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Space Travel and Aging in Space. What happens?

Space Travel and Aging in Space. What happens?


5 minute read

Space Travel is Closer Than We Think

It’s 2350 and you’ve gone through the first gate at an interstellar spaceport. Before you go, you’ll need to pop into your regulating suit so that radiation doesn’t destroy your DNA. On the holograms of ads heading into the ship, you see new anti-gamma ray moisturizers as there might be larger than usual solar flares this summer.

It seems like we might be adding another aging factor in the decades to come. Not only do we need precautions from photoaging from UV exposure, stress-related aging, and chronological aging, but also, now space aging? With Richard Branson and Jeff Bezos recently being the first to take commercial flights into space, the space race for a holiday on Mars might not sound too crazy. 

Expect the Unexpected, in Space

Space contains a vast amount of radiation that a human would not want to be exposed to; like a solar flare. Sure, it might settle for a romantic night on a hypothetical space station closer to the sun, but if that station doesn’t generate a magnetic field strong enough to bend solar flares, per se (like earth does), you’ve got energized particles whizzing through your body. This can cause a low blood count, radiation sickness, cataracts, cancer, and..yes, even death - not a romantic evening anymore.

In space, the body deteriorates about 10x faster than aging naturally back down on earth and so scientists send study subjects into space to test accelerated health effects. The body goes through many changes which are still being studied, but what we do know is that it reboots the way cells respond in the body and when they come back down to earth, the body mostly returns back to a normal, earthly state. 

So, What Happens to the Body in Space?

From what we know, the microgravity atmosphere doesn’t put a strain on the heart, bones, and muscles like on earth, so they don’t need to work as hard. In response, the body weakens from disuse. This is why astronauts must have a regular workout schedule.

Tissues full of fluid may change shape. In microgravity, liquid flows differently and so it can morph the shape of organs like our brain.

Background radiation is a killer. As explained above, the radiation outside of the Earth’s atmosphere causes DNA damage and increases the risk of cancer or even death. 

Chromosomal change. A study made in 2019 by Science sent a twin up into space for 340 days to compare the molecular and physiological traits that may be affected by space-time.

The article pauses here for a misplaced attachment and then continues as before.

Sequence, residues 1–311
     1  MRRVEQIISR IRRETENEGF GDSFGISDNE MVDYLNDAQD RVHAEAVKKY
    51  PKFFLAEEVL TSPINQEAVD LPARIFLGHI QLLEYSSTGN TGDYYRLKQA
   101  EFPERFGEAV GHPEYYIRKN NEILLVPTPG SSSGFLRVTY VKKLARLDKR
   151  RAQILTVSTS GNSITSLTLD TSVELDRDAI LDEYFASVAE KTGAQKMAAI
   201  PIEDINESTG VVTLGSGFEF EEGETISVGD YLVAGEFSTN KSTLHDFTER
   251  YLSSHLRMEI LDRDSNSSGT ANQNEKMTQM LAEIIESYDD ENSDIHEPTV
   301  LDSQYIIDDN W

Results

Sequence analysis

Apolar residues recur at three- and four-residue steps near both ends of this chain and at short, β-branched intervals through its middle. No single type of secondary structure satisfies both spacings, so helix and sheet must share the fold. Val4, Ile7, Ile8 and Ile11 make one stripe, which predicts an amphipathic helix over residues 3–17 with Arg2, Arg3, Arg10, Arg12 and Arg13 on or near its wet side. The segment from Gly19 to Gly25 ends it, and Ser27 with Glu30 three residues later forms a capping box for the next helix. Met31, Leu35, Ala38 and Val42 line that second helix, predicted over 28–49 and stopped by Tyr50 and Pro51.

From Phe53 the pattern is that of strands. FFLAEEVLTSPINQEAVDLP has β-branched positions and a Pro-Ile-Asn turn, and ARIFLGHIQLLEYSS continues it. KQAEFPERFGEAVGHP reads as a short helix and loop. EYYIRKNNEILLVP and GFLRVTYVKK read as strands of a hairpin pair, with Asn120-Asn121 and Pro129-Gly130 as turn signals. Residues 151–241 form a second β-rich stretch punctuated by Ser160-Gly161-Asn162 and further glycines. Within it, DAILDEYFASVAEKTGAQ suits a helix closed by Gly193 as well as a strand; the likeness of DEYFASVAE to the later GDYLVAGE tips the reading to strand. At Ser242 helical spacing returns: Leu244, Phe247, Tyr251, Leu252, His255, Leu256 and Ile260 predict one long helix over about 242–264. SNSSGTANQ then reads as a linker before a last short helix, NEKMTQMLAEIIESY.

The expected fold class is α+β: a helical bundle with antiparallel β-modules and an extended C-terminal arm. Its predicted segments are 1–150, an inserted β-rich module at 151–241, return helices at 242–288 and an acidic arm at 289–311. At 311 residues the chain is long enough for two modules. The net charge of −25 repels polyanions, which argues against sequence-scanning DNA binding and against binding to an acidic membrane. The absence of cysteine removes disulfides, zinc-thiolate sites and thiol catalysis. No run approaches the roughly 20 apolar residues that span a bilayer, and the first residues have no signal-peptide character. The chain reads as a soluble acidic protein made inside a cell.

(Above image: Left and middle) Genetically identical twin subjects (ground and flight) were characterized across 10 generalized biomedical modalities before (preflight), during (inflight), and after the flight (postflight) for a total of 25 months (circles indicate time points at which data were collected). (Right) Data were integrated to guide biomedical metrics across various “-omes” for future missions (concentric circles indicate, from inner to outer, cytokines, proteome, transcriptome, and methylome).

One trait was the elongation of telomeres which is usually attributed to healthy lifestyle factors related to metabolic and nutritional status, physical activity, and weight loss. The long-term effects of elongated telomeres in space are unknown and the basis for many experiments to come. Given that many of the molecular changes that are associated with spaceflight returned to near preflight levels, they serve as an important biomarker or guide for countermeasures during future spaceflight missions.

I highly recommend reading the study!


Cognitive decline. It was clearly noted that prolonged missions to space negatively affected cognitive performance. This could have serious consequences when heading to Mars and is the basis of further experiments such as postflight operational procedures of future missions.

Thinning skin. A study made on mice back in 2015 published in noj Microgravity concluded that 3 months on the International Space Station resulted in skin atrophy. This means that there was a significant reduction in dermal thickness and moisture in mice. This was due to newly synthesized, defective collagen which degrades faster than usual. Human clinical studies on the skin are still yet to be made in future space missions over longer periods of time.

The skin has not yet received much interest in space research although it has multiple functions including tactile sense, protection against pathogens, thermal regulation, and protection from environmental stresses such as radiation. The skin also provides a very important barrier against body fluids which might be the source of health problems, including carcinogenesis, during long-term space travel.

Anti-Gamma Ray Sunflare Moisturizer Anyone? Maybe.

A new application in skincare for space travel could be a thing soon! From thinning skin due to defective collagen, moisture loss, and radiation damage, new topical formulas or skin supplements to activate thicker skin, boost hydration, or radiation-blocking minerals are on the horizon (event horizon). You can be assured that GOA will be first in line to develop and research tools to counteract our spaceflight woes on our upcoming Mars holiday! 

In the meantime, settle for some earthly delights to reduce the effects of age below!

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